On Letting Go

Portrait of me in Burgundy just after I left my old life, but still hanging on, 2014. ©Geoffrey Guillin

As I write this my heart is lead. I am heavy with the weight of attachment. I wrapped my life around an idea, threw myself headlong into something destined to end tragically. I knew it would, and I fought to keep myself detached, to self-protect. But finally I said yes because I believe you should say yes to whatever the universe hands you. I said yes because it had to be that way. And as soon as I did, it all unraveled.

My hands are fists fighting to hold on to what is already gone. Or maybe it was never really mine. But my fists won’t let go. I have trouble letting go.

There are two expensive storage facilities filled with the cherished belongings from my mother’s house, and my grandmother’s house—one in New Jersey, one in Buffalo, NY. The moment these things were stored away, I never visited them again. I have no room for any of it in my small apartment, yet I can’t let go. I have trouble letting go.

I’ve always surrounded myself with things, mementos. The stuff in my life was akin to family. But safer. Things couldn’t hurt me. The stuff brought me comfort, joy, a sense of self. The stuff was a cocoon that kept me warm and protected. Attachment to things was easier. Attachment to people always brought me pain.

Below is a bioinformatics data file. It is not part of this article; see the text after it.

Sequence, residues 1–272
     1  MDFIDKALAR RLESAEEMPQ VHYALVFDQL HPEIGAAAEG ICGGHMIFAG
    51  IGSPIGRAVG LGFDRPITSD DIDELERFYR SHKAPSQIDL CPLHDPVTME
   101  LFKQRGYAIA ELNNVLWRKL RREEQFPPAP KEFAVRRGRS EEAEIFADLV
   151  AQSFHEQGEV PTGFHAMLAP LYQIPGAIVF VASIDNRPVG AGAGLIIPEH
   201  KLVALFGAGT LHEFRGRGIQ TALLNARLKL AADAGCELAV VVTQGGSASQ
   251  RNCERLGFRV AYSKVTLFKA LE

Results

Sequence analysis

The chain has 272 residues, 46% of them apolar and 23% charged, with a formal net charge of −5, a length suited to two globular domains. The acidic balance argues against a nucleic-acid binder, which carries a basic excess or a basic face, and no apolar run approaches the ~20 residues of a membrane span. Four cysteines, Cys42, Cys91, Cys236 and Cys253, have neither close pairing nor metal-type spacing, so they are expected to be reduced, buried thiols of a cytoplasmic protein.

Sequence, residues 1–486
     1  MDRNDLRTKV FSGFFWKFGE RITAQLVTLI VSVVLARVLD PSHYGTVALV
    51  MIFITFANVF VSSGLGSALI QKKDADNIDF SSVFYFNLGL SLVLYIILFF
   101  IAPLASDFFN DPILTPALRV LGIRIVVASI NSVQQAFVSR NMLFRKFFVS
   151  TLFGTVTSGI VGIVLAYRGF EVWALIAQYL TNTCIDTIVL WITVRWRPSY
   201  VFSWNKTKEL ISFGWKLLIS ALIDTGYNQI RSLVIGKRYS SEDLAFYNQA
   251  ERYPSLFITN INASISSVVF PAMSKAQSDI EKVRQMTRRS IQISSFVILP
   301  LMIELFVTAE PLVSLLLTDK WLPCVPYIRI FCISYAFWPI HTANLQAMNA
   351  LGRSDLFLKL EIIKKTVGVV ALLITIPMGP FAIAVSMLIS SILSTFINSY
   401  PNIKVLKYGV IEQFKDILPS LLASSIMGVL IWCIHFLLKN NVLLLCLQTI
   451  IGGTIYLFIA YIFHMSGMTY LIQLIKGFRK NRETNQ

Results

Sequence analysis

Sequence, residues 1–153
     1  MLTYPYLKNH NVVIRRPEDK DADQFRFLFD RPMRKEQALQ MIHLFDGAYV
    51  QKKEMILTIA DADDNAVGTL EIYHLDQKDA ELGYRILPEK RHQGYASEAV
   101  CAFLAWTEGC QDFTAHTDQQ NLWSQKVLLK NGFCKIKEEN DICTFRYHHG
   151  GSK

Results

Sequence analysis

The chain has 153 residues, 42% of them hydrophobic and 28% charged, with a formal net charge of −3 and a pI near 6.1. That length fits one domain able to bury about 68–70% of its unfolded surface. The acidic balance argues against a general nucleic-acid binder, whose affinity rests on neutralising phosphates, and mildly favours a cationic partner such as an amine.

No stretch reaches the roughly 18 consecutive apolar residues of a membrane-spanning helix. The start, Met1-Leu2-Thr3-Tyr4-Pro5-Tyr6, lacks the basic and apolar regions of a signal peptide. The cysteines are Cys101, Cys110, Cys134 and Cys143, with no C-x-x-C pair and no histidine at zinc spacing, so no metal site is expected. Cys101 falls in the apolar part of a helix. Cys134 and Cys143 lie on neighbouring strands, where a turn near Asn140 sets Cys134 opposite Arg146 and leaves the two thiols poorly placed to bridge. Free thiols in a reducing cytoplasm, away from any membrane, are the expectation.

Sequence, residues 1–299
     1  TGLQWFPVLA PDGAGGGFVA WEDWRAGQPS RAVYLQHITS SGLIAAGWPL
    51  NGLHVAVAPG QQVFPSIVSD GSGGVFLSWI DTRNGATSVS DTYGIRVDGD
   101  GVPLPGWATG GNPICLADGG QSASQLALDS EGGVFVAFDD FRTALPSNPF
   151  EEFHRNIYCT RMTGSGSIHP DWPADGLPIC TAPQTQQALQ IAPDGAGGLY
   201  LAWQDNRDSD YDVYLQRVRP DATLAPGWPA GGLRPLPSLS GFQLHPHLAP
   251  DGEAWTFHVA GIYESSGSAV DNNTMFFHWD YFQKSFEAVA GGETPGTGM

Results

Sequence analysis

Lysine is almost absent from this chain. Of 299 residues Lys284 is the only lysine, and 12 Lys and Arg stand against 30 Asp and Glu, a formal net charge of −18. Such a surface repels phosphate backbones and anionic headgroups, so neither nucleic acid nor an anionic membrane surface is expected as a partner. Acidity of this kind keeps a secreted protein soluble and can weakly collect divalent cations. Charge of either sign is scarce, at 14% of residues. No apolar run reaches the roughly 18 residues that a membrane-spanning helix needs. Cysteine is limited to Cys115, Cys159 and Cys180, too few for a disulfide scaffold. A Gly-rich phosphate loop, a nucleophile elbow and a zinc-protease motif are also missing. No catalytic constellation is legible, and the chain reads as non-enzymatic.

And even though I thought I had evolved, it seems in this way, I have not. My hands are still fists, just as they were when I was born—hanging on, banging hard against cold reality. I don’t accept this. This cannot be the way it is now. 

But it is this way now. And I am starting over, alone. But I don’t want to start over with this heavy burden I have been carrying. Not this time, not anymore. My fists are weary from holding on.

But I have trouble letting go.

For Buddhists, attachment is one of the main negative emotions that creates suffering. When we attach to an object, to someone, we seek to possess. We see the object or person as permanent when often it is the opposite. Attachment is a compulsion, a desire to be loved, praised—to create constancy where there is only change, or willfulness. It’s the need to control what we cannot control. We hang qualities and importance on something that can only leave us wanting. And so we suffer.

I suffered more when my mother was dying than I did after she died. Desperate to save her, I fought her dying with everything I had. She was the center of my world, and without her, I didn’t know who I was. If she died, I would lose everything; I would lose myself. So I hung on to her with my angry fists, and banged hard against the inevitable with all I had.

But her death was hers. It was her time, her choice to stay or go. My attachment to my mother made her death about me. And that selfish need made me suffer and spin when I should have been telling her it was okay to let go. I could have been releasing her to her chosen destiny.

But I couldn’t see past my own pain and so could not ease hers. And in the end, for all my fighting with my indignant fists, I could not stop her from leaving me. Instead, I made our last hours together desperate and frantic. What did I accomplish but more suffering?